It was now 1855, nearly two years after her kidnapping. Since Ward had escaped the consequences of his crime, he was free to sell Henrietta to whomever he pleased. He decided to sell Henrietta to notorious slave-trader William Pullum. Pullum's firm trafficked enslaved people by the thousands from the upper South to “Forks in the Road,” a large slave market in Natchez, Mississippi. Being “sold South” was a threat used regularly by Kentucky slaveholders, seen as a fate worse than most. Henrietta would have little hope of finding help or freedom there.
She was placed on the auction block and found herself in the clutches of Gerard Brandon of Washington, Mississippi. Her future looked bleak, but a small miracle was on the way. Henrietta's son Arthur Simms came into the world soon after her arrival at one of the South's largest cotton plantations, Brandon Hall. It's unclear who Arthur's father was, but it seems she may have been pregnant during her trip south. Once on the large plantation, the new mother was introduced to the harsh work and violent existence of enslaved people in the Deep South. As always, Henrietta was resilient. With her son by her side, she survived the fields and was later moved to work in the house.
After the Emancipation Proclamation of 1863, many slaveholders moved west, hoping to retain ownership of the people they held in bondage. The Brandon family took this path, relocating to Texas. Henrietta and her son Arthur were among the enslaved people they took with them. It's possible that Henrietta had no knowledge of the Emancipation Proclamation. This fact was successfully kept secret by some slaveholders for years. Even those who were aware may have felt helpless, left with little to no resources in a country deep in the throes of war.
After the end of the war, steady employment was hard to find; working for a former slaveholder was sometimes the only choice. When the Brandons returned to Mississippi, Henrietta and her son came along, staying on for several more years.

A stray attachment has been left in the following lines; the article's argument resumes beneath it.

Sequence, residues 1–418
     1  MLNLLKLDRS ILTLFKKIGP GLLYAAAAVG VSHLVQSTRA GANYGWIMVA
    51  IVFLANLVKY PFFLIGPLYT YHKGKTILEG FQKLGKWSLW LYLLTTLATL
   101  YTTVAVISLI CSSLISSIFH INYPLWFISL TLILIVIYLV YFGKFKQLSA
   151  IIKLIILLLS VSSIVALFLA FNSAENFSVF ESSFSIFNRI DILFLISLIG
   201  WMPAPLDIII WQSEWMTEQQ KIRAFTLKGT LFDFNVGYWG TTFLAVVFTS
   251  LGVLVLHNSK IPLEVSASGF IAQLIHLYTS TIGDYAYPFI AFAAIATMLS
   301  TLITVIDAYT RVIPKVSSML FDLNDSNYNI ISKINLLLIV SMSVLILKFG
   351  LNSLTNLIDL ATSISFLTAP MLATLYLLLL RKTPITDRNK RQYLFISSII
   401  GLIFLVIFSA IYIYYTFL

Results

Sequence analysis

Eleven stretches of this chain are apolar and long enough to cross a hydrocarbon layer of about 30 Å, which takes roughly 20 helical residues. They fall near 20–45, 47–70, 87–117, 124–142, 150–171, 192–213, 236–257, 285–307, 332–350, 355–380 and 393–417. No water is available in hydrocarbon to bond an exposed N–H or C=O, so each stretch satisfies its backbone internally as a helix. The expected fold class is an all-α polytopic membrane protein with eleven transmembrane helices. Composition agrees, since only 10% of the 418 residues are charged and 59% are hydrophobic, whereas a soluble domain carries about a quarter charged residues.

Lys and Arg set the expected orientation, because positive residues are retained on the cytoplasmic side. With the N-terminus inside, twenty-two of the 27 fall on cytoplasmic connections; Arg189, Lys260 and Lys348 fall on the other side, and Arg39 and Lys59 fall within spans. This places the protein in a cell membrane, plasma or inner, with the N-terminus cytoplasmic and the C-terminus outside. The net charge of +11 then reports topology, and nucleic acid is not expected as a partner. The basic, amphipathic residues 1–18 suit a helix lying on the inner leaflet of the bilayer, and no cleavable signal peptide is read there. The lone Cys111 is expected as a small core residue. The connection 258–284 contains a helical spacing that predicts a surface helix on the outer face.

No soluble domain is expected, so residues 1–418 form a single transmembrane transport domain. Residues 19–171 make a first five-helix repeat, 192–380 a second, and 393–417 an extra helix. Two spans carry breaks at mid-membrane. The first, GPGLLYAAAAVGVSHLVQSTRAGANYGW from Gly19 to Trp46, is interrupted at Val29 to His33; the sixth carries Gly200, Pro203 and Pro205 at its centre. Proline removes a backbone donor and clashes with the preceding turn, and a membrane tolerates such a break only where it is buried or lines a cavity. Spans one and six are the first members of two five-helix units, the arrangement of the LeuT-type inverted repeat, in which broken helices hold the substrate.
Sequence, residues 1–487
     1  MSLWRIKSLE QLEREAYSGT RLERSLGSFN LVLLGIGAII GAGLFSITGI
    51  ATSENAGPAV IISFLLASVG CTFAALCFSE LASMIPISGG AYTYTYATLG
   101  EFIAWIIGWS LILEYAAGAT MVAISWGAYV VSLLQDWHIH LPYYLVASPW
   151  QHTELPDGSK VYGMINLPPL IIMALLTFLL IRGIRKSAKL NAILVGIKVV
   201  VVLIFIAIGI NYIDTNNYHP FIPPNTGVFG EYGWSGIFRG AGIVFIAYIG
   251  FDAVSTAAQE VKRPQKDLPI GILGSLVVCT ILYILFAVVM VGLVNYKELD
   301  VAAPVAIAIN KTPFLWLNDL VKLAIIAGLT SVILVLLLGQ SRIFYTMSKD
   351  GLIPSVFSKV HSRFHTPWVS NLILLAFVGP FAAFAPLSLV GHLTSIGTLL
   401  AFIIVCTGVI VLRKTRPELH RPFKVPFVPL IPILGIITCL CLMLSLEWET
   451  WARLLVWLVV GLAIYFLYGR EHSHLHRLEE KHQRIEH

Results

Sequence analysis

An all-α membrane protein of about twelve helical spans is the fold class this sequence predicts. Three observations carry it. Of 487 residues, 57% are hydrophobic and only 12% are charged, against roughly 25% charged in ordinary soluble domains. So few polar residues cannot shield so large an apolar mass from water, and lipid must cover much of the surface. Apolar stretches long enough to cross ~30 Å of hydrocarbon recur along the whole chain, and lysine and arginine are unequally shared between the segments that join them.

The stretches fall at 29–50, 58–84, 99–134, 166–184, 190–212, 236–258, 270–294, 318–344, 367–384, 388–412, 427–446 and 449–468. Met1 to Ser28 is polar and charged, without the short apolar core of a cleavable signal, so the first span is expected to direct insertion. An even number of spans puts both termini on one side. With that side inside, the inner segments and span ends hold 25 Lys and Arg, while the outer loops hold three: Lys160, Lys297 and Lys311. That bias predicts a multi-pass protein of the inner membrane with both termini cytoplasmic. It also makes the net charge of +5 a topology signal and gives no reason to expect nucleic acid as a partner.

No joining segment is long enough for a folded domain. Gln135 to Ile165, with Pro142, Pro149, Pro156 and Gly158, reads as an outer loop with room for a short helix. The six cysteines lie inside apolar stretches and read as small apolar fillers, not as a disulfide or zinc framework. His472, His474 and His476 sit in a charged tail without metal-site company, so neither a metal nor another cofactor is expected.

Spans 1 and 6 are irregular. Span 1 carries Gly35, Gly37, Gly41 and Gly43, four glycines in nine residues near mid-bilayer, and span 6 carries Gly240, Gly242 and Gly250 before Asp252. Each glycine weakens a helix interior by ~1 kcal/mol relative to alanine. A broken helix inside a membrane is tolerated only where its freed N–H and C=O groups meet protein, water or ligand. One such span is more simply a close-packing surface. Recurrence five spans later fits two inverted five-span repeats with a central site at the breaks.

At long last, in 1870, Henrietta and her son moved to Cincinnati, the place she had first known freedom. It was there that she began the process of seeking reparations for the years of freedom stolen from her.
She brought suit against her captors with the help of Covington lawyer Harvey Myers, who was also her employer. Myers was a man of means but his political views were not the norm in his neighborhood, where slavery was very recently accepted. Around the time Henrietta began to work for him, Myers was among several Kentucky attorneys calling for change in Kentucky law that disallowed testimony of African Americans in court. With his help, Henrietta began to build her case.
In 1878, after overcoming many legal hurdles, Henrietta was ultimately awarded the sum of twenty-five hundred dollars, for lost wages and damages. Though she had sued for a much higher amount, this was no small settlement. For context, in 1878, Henrietta could buy a pound of bacon from her Cincinnati butcher for about 9.5 cents and rent a large apartment in town for $10 per month. Henrietta had won the battle, but the years stolen from her were never acknowledged by her captors.
Sometime before 1880, Henrietta and Arthur left Cincinnati and began life anew in Chicago. The money awarded Henrietta allowed them to settle without the struggles they had previously suffered. Arthur purchased a home outright in 1885, likely with part of Henrietta's winnings. This home became a foundation of wealth for the family. Records show the home's equity was mortgaged by Arthur for tuition in pursuit of a law degree.
The boy who had been at his mother's side in the Cincinnati courtroom had found his chosen profession. In 1889, Arthur Simms became one of the first African American graduates of Union Law School (now a part of Northwestern University.)
Henrietta lived for over thirty years in Chicago, enjoying the success of her son and his growing family. In 1912, she died at the age of 94, having lived to attend the wedding of her granddaughter.
Henrietta left more to her descendants than the financial boost from the lawsuit. A more precious gift was the example of her unrelenting fight for justice; a show of strength and confidence for the generations who followed her. Among her descendants are musicians, professionals, academics and even a Tuskegee Airman. Her legacy is one of resilience.